“Will you and Mother be okay?” asks Leo, his brother Eddie nodding to show he shares his concern.
“We will,” says Johanna before Joe can speak. “We’ve been through tough times before and we’ll get through this too. I’ve been selling some half-pies in the neighborhood and I’ll continue to do that. We’ll stretch our money and all of us will be okay.” she assures them.
Eddie takes a forkful of apple pie and says, “Keep making them like this Mother and we won’t even need whiskey sales.” He smiles at Johanna as they all chuckle softly. Soon, Maymie and Anna and the children join them in the parlor. Joe plays some piano and sings for them all, his youngest grandson Jack sitting next to him on the piano bench, paying close attention to Joe’s playing.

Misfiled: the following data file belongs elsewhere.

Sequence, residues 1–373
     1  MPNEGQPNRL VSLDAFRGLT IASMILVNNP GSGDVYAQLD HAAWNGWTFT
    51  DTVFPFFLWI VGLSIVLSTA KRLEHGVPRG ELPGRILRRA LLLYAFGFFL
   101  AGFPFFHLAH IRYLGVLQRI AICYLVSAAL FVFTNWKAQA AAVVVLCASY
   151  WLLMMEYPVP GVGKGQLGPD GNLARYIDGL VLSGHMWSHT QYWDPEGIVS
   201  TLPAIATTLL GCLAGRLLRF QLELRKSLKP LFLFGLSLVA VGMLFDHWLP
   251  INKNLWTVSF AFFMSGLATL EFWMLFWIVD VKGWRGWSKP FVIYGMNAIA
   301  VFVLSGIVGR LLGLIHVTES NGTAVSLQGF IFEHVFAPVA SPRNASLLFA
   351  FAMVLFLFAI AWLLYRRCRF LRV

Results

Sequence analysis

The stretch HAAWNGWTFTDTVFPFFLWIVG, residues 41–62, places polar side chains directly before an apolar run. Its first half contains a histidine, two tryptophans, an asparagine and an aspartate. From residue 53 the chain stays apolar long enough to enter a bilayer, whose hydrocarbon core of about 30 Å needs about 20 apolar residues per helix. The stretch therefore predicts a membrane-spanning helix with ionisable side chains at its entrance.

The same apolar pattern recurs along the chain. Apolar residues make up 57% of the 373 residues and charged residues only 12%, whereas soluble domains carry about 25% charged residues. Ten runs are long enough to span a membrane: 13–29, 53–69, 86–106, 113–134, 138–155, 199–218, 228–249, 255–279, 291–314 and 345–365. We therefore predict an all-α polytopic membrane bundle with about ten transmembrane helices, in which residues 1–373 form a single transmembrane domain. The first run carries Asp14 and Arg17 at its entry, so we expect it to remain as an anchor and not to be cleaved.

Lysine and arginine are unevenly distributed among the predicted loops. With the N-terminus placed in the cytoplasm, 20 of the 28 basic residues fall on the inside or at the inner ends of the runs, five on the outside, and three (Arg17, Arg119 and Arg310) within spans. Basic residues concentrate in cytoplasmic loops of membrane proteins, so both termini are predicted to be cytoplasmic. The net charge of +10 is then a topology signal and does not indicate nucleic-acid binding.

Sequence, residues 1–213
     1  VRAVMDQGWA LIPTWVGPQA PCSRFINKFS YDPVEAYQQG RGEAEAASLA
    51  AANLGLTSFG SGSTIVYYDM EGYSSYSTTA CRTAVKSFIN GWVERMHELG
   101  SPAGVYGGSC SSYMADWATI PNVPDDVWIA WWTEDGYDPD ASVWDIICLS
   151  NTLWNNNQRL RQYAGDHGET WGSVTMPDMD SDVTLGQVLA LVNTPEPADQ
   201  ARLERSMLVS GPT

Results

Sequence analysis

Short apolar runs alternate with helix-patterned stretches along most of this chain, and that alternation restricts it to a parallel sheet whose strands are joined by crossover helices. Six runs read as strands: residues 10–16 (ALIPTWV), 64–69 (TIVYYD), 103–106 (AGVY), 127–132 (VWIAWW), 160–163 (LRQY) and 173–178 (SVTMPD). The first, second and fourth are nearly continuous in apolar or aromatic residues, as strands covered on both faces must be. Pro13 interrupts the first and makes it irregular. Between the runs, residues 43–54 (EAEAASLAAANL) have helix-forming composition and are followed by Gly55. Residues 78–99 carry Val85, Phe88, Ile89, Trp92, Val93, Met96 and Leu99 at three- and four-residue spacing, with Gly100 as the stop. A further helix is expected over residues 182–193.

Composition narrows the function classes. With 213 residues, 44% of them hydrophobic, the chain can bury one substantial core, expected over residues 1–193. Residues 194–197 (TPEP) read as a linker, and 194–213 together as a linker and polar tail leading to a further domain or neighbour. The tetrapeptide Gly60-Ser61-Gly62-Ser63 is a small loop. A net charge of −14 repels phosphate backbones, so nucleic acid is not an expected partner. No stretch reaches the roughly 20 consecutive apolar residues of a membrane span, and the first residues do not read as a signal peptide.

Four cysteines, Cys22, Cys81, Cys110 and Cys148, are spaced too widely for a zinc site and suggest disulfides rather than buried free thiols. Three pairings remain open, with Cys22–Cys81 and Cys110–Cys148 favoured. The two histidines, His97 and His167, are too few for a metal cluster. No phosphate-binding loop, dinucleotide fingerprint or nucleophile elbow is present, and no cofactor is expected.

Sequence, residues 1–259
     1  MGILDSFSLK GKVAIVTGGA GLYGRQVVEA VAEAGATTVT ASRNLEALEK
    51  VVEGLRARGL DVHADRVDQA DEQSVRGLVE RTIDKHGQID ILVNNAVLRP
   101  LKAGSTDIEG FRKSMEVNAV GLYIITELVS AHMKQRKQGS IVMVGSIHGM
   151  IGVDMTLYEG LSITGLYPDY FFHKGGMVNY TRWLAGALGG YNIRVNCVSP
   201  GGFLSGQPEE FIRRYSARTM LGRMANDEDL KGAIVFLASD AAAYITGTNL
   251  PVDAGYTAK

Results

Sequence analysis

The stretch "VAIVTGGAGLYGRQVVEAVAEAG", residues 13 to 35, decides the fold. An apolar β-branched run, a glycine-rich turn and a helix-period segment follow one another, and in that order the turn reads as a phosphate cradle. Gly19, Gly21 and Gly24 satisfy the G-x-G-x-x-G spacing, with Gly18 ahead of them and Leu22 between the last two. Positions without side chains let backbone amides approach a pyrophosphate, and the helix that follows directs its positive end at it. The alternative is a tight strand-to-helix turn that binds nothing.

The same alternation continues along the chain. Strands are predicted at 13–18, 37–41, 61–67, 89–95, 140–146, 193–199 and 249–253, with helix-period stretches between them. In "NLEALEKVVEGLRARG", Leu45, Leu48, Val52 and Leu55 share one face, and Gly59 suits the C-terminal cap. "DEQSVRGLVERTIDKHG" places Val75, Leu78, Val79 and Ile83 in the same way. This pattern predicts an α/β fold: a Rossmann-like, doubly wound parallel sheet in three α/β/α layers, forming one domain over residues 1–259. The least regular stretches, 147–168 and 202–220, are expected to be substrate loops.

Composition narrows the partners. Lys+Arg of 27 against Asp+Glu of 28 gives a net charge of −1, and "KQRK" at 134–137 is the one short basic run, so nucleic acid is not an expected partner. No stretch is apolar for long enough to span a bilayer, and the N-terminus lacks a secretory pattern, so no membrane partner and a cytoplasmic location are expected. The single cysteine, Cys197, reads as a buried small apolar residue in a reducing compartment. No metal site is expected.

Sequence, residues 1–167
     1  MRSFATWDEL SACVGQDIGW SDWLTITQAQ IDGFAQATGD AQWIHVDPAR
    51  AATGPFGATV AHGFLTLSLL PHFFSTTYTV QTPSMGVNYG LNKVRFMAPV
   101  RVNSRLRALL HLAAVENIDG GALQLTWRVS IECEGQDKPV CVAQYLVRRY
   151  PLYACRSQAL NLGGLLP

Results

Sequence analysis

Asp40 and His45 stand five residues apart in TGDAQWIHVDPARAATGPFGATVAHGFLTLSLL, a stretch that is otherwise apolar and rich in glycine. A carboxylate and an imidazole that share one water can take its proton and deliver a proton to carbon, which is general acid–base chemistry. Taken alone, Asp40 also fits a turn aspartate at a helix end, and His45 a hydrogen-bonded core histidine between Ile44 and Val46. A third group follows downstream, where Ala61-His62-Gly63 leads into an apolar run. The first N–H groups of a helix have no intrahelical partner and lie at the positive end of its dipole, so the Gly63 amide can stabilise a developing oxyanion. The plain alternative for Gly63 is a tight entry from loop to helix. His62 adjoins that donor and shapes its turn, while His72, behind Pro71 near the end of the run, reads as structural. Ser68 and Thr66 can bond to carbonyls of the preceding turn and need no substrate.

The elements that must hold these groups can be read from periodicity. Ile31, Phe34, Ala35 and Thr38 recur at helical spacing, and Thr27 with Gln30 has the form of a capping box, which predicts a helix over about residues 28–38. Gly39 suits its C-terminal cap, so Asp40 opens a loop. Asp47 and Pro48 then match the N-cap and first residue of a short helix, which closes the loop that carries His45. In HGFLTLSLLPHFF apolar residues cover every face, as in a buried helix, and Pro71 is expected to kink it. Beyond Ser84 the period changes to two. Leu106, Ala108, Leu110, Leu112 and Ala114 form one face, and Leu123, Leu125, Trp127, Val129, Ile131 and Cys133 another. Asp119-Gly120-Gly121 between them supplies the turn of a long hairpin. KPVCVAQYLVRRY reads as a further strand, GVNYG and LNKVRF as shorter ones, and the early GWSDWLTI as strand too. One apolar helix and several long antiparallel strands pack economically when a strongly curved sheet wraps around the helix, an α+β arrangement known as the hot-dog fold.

There is no work at the Shop. Eddie has added more names to his book of customers. He keeps a journal of his “Radio Repairs” customers, addresses and notes. Joe and Leo have brought in some more interested parties. Today Eddie visits a speakeasy for a much larger delivery than he typically makes, a case of whiskey and a case of gin. Eddie is finding more and more customers every week as friends tell friends. Baltimore still loves having a drink now and then and Eddie is benefiting from it. He makes runs around the City daily. He still prefers his motorcycle and briefcase, but when necessary he’ll drive the car. At home, he and Anna are worried for their son Jack who has the mumps and is very sick. Although the boy recovers, his parents are saddened when the doctors tell them Jack will never be able to father children. They know that doctors aren’t always right and they pray for their son, still grateful that he has recovered. Those doctors would turn out to be very wrong because Jack will father nine children.